It probably isn’t much of a comfort to distraught Boston Red Sox fans this morning to note the team still has about 3.8 years and roughly $57 million left of its commitment to veteran right-hander John Lackey. There is almost nothing that can change that calculus. He is untradeable. The Red Sox are stuck with him.

On Wednesday night, Lackey’s season seemed to go from terrible to borderline-disastrous, after he gave up nine runs in a gruesome loss in Toronto, leaving his 2011 record at 2-5 and his ERA at 8.01. This follows an eight-runs-allowed performance in his previous trip to the mound. All told, Lackey has allowed eight or more earned runs three times already this season — something all other American League pitchers combined have done only five times.

Adding to the intrigue surrounding Lackey — to whom the Red Sox handed a five-year $82.5 million contract before the 2010 season — was something he said after Wednesday night’s loss: “Everything in my life [stinks] right now, to be honest with you.” Given an opportunity to elaborate, Lackey declined.

It’s always dangerous to make assumptions about someone’s personal life, but Lackey did reveal during spring training that his wife, Krista, was undergoing treatment for breast cancer. It is a reminder that baseball players are human, and we have no way of knowing what sort of personal baggage they are carrying with them on the field from day to day.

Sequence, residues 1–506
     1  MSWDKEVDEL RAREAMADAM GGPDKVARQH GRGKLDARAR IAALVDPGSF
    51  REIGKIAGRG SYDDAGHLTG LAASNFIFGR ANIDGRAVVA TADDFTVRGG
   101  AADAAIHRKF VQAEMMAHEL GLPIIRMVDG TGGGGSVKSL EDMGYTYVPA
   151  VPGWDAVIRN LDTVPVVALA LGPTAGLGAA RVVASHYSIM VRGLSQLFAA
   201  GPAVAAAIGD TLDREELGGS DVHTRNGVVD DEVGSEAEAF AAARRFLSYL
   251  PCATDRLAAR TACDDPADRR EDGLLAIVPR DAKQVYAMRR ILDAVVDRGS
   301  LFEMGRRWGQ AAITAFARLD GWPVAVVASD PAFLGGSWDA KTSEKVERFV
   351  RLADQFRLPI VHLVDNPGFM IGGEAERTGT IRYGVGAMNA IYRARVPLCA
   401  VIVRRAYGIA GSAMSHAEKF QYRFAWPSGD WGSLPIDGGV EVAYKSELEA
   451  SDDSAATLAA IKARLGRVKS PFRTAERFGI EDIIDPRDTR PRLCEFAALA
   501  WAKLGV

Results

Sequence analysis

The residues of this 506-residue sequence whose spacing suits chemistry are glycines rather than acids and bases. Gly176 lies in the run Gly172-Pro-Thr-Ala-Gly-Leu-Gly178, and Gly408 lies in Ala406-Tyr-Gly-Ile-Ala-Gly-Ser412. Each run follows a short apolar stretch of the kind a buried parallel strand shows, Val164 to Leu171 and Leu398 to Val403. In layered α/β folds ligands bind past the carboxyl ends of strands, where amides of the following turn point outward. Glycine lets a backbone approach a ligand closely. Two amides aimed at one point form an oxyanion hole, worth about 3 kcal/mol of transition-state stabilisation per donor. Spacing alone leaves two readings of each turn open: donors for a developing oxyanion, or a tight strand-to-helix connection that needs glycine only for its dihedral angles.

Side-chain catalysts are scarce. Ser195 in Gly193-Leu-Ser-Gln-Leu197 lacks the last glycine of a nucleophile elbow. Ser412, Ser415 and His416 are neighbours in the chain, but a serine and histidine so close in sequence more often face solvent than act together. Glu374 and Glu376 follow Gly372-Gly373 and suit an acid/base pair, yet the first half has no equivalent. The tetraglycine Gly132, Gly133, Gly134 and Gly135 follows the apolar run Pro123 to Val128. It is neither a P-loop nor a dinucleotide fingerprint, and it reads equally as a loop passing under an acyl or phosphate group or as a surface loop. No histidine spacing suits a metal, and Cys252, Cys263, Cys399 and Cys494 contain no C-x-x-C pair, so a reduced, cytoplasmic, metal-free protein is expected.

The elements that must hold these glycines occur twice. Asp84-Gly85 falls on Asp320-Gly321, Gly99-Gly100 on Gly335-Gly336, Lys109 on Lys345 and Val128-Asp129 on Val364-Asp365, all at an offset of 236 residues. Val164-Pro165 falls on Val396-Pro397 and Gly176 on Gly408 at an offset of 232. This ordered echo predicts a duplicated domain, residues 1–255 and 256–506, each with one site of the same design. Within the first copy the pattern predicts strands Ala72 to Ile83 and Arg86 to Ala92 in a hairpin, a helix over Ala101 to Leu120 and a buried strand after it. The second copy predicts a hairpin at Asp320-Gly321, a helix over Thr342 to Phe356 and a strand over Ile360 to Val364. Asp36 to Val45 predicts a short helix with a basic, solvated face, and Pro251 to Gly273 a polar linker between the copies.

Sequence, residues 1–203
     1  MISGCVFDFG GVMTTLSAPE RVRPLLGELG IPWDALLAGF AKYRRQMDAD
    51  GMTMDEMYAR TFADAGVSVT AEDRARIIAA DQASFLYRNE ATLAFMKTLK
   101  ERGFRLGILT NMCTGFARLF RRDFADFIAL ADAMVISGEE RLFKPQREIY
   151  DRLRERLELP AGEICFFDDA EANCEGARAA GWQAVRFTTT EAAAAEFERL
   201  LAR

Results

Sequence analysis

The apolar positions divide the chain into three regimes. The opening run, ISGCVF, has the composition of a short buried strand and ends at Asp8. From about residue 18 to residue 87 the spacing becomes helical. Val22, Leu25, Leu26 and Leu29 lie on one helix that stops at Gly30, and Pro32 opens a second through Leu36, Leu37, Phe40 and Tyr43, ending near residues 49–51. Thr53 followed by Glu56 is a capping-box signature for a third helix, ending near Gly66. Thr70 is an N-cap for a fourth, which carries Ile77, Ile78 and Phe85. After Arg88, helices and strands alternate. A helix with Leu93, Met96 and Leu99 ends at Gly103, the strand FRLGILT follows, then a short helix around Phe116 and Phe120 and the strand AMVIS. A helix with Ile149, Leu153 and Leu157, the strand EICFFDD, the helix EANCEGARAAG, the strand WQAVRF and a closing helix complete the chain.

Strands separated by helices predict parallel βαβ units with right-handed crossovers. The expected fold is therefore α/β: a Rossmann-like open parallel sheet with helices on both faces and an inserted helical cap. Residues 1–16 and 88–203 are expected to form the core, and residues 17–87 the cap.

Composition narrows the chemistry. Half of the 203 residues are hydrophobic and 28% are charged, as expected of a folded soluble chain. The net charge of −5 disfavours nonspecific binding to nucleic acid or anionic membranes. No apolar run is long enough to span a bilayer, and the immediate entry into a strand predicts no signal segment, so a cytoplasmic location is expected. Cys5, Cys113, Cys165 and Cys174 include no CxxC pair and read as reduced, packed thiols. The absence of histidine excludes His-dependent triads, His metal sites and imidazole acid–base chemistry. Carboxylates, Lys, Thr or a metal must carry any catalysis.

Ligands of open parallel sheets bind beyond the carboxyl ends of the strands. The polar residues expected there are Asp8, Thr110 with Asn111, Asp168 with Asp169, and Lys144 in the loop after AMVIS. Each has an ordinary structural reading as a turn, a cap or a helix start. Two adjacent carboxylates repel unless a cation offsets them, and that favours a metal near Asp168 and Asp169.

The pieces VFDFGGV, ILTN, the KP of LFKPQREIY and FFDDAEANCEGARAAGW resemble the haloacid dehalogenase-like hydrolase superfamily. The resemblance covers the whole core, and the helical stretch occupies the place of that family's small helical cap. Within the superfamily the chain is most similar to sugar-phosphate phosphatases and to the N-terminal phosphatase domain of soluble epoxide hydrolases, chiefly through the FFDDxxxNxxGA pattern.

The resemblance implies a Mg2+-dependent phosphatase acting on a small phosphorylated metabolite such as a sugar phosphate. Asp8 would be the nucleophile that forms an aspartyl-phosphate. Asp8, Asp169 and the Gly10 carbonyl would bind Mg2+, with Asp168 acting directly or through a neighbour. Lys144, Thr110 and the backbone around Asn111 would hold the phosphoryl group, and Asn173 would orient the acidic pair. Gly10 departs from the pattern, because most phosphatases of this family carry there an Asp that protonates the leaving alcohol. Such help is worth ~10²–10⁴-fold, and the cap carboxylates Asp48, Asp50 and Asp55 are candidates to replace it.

Still, Lackey’s tailspin comes at a terrible time for the Red Sox, who are fighting to get to .500 after an awful start, and who open a three-game series at Yankee Stadium on Friday. At this point, there is little the Red Sox can do besides hope Lackey’s performance improves. But the numbers offer little encouragement: He is 32 years old, with a recent history indicating a gradual decline that had begun long before he signed his Red Sox deal. From 2005 to 2010, his ERA rose in four out of five seasons. His strikeouts-per-nine-innings rate dropped in all five seasons.

This is not to second-guess the Red Sox’s signing of Lackey. At the time — the winter of 2009-10 — he was clearly the best starting pitcher on the free agent market, and the Red Sox were making a concerted effort to build around pitching and defense. While he was inconsistent at times in 2010, he still gave the Red Sox 215 innings and 14 wins.

On a human level, let’s wish health and happiness to Lackey and his family. As for those 3.8 years remaining on his Red Sox contract, you can look at them another way as well: There is plenty of time left for him to get himself turned around.